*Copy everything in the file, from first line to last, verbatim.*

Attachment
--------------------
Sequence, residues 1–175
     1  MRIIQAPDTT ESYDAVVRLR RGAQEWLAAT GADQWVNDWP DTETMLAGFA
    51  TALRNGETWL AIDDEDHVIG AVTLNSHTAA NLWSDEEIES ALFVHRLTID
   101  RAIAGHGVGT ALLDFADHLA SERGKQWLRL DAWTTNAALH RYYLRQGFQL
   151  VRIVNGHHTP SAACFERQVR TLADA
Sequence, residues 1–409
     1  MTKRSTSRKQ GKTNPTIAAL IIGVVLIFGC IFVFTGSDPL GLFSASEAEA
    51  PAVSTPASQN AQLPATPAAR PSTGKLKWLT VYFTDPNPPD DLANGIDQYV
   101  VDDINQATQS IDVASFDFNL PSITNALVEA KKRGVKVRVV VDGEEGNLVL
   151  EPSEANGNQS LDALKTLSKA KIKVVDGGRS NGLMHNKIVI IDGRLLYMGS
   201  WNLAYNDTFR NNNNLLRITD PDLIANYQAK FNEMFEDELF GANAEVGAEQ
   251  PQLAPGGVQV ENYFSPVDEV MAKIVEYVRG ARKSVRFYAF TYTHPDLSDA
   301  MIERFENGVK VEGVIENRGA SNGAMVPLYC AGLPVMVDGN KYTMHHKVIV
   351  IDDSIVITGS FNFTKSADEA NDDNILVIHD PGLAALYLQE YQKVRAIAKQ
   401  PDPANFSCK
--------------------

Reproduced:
Sequence, residues 1–175
     1  MRIIQAPDTT ESYDAVVRLR RGAQEWLAAT GADQWVNDWP DTETMLAGFA
    51  TALRNGETWL AIDDEDHVIG AVTLNSHTAA NLWSDEEIES ALFVHRLTID
   101  RAIAGHGVGT ALLDFADHLA SERGKQWLRL DAWTTNAALH RYYLRQGFQL
   151  VRIVNGHHTP SAACFERQVR TLADA
Sequence, residues 1–409
     1  MTKRSTSRKQ GKTNPTIAAL IIGVVLIFGC IFVFTGSDPL GLFSASEAEA
    51  PAVSTPASQN AQLPATPAAR PSTGKLKWLT VYFTDPNPPD DLANGIDQYV
   101  VDDINQATQS IDVASFDFNL PSITNALVEA KKRGVKVRVV VDGEEGNLVL
   151  EPSEANGNQS LDALKTLSKA KIKVVDGGRS NGLMHNKIVI IDGRLLYMGS
   201  WNLAYNDTFR NNNNLLRITD PDLIANYQAK FNEMFEDELF GANAEVGAEQ
   251  PQLAPGGVQV ENYFSPVDEV MAKIVEYVRG ARKSVRFYAF TYTHPDLSDA
   301  MIERFENGVK VEGVIENRGA SNGAMVPLYC AGLPVMVDGN KYTMHHKVIV
   351  IDDSIVITGS FNFTKSADEA NDDNILVIHD PGLAALYLQE YQKVRAIAKQ
   401  PDPANFSCK